“Who was the best pilot you ever saw?” says future Mercury astronaut Gordon Cooper to his wife in the film The Right Stuff. Cooper fills in for his wife: “You’re lookin’ at him.” We ask the same about the best record you ever heard in this edition of Toronto Audiophile, and we, too, answer our own question. Also this month, the state of MQA, downloadable hires audio files, budget cables, and one more Beatles turntable.
As always, where possible, I have provided links to where you can arrange to audition the equipment in Toronto.
State of MQA: An Update
At a lengthy session at American Sound of Canada in Toronto last month, Jody Hickson, one of the store’s most knowledgeable and genial salespeople, gave me a near-definitive demonstration of MQA (Master Quality Authenticated)—not only did the setup honour the significant sound differences between the MQA file and the standard recording, but his explanation was very clear and coherent for this most non-techie of a musician. Word is that MQA delivers pristine phase shift correction? Sold! But, its magic on timing works only under the right conditions—I did hear a demo recently that was almost unlistenable; certainly, nothing to do with MQA.
As always, expertise makes the difference. If you want to hear the latest and best digital has to offer (and now streaming on TidalHiFi), contact American Sound of Canada.
The greatest vinyl recording ever made?
These “best of vinyl” lists, especially one of this nature, seem a little silly when there are hundreds from the pantheon of exceptional classical recordings from which to choose. However, one record in particular does seem to pop up again and again as the Citizen Kane of classical recordings: Carlos Kleiber’s scintillating Beethoven Fifth Symphony on DG.
DG has re-released (and remastered) four of this magician conductor’s most famous LPs: Beethoven 5 & 7, Schubert 3 & 8 (“Unfinished”), and the album pictured above, Brahms’s Fourth Symphony. The performances are legendary; the compressed DG house sound of the 70s and 80s featured on the recordings, less so. Happily, the remastering has helped flesh out the instruments and the vinyl pressings are ghostly silent. A remarkable foursome.
If you’ve not heard them and are into the vinyl renaissance, I can assure you a thrillingly musical ride. The Wiener Philharmoniker is putty in Kleiber’s hands; they play magnificently on all four records. And, you know what? I’ll just come out and join many others in saying that Kleiber’s Fifth is the greatest classical recording of all time.
Many folks will tell you cables mean nothing to your stereo system. If they can’t hear the difference, good for them; their pocketbook will be the better for it. For those of us who think they are an essential part of a synergistic system next to components like amplifiers or speakers, the story becomes more complex.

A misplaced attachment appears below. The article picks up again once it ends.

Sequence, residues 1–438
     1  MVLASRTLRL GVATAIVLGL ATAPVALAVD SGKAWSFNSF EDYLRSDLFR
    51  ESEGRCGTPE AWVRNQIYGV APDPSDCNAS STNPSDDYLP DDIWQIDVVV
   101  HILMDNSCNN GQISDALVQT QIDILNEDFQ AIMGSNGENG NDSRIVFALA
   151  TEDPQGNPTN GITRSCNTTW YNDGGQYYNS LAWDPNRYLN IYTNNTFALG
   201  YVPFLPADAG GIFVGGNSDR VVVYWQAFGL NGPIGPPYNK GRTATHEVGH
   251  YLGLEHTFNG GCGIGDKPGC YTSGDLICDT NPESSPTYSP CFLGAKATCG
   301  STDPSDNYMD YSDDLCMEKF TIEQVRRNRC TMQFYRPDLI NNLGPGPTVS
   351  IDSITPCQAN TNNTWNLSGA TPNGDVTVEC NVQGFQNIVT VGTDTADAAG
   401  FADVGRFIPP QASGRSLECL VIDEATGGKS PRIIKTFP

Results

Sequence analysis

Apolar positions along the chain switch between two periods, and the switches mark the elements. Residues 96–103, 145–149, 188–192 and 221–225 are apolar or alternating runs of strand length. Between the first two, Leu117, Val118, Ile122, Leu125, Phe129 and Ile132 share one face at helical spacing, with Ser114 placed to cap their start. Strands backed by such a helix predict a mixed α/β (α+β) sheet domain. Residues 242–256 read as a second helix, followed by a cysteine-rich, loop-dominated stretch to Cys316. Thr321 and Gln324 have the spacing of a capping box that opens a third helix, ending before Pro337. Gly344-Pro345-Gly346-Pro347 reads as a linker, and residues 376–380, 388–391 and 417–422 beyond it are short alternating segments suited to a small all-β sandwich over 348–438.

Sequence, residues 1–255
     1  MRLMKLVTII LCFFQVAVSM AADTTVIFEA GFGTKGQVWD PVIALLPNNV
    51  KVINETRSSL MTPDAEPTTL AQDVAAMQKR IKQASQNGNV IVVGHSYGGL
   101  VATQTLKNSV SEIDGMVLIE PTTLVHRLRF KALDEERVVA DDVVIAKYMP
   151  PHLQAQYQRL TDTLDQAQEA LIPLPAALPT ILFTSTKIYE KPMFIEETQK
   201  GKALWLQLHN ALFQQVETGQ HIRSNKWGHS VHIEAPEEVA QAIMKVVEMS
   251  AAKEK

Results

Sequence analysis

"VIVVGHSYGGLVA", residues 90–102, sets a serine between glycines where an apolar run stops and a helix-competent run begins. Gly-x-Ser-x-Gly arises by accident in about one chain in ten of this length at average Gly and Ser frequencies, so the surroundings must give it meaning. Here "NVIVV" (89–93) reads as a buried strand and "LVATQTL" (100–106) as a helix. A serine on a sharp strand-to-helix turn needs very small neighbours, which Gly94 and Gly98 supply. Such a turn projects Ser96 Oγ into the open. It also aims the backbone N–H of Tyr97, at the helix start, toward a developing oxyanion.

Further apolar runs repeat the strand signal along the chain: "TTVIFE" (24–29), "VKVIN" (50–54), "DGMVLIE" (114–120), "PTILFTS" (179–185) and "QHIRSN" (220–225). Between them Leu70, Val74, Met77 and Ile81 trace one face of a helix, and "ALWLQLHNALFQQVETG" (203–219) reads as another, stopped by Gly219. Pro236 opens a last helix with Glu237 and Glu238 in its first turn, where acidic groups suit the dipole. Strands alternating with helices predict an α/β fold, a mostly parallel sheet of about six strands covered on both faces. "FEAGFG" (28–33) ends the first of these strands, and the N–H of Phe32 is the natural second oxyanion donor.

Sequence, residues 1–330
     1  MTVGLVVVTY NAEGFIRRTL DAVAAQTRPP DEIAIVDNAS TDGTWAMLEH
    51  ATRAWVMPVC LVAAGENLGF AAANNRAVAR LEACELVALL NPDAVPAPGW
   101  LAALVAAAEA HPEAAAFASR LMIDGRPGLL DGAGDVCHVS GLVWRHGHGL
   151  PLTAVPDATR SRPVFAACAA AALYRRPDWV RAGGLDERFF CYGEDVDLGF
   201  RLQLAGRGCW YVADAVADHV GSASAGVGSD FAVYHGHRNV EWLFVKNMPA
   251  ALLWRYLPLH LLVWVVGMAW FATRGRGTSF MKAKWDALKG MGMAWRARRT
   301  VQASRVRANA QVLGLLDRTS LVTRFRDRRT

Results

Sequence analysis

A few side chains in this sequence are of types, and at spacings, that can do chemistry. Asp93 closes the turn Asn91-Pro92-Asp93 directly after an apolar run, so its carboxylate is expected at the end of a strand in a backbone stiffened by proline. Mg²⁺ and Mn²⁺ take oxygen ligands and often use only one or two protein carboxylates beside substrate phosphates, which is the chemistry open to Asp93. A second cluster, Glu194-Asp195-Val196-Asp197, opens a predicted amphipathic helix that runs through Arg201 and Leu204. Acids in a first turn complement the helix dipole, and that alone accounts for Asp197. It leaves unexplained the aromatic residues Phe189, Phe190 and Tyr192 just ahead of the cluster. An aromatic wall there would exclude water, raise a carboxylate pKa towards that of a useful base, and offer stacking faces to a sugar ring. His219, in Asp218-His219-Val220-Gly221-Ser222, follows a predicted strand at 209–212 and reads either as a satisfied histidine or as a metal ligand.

Let us imagine that different cables of varying quality (and lengths) can sound different in many systems. Personally auditioning cables under the right conditions (reputable dealer, room size and equipment topology similar to your own, etc.) is a must. Price, of course, is important. And this is where we lose (rightly so) some of the folks. 20K money for cables? Ridiculous. And, certainly coming under the financial law of diminishing returns.
Happily there are some companies designing and manufacturing very good-sounding cables inexpensively. One of my favourites is Anticables. This Minnesota-based company has been receiving rave reviews for their interconnects, speaker cables, and power cords.
Anticables says, “…with awards from the best audio publications and hundreds of testimonials from the global audio community, the Anticables products have established themselves as the lowest-price-to-highest-performance leader in the cable business. Anticables products are affordable enough to fit into an entry-level system budget, yet perform high enough to sound better than cables costing many times more.” As an example, their top-level products can be considered state-of-the-art, yet are comparable to competitor’s offerings that cost thousands more.
You can audition these outstanding cables in St. Catharines, ON at C.N. Thomas Enterprises.
Pro-Ject 2Xperience SB Sgt. Pepper Limited Edition Turntable
Just about everybody is manufacturing Limited Edition budget turntables, stamped with favourite artists’ ID or country flag of origin. England’s Rega Research and Austrian/Czech maker Pro-Ject are the lead drivers of this style of turntable.
Pro-ject has released two new turntables in cooperation with The Beatles. “Both turntables are produced to celebrate the 50th jubilee of the groundbreaking album Sgt. Pepper’s Lonely Hearts Club Band. The high class 2Xperience SB Sgt. Pepper Limited Edition will be a limited run of only 1000 pieces worldwide while the Essential III Sgt. Pepper’s Drum will be a regular product.”
Hear one today at American Sound of Canada.
HDtracks is an online music store selling FLAC and other hires audio files, DRM-free. Downloads include the cover art and liner notes.
I’ve had great success with my purchases (no affiliation); their offerings are easy to download, and their website is detailed and resourceful. What I like best are the multiple resolutions from which to choose, up to 192/24 in a FLAC file. You should hear Miles Davis’s Kind of Blue at that level of definition. Be sure to check if your media player and DAC can support that type of resolution. There are other very fine sounding files with lower numbers that can be chosen for most recordings.
Many audiophiles are getting back into vinyl, others are streaming TidalHiFi. But if you want control of your own digital library and have given up on CDs, HDtracks is just the digital ticket.
Keep Up with Toronto Audiophile HERE.
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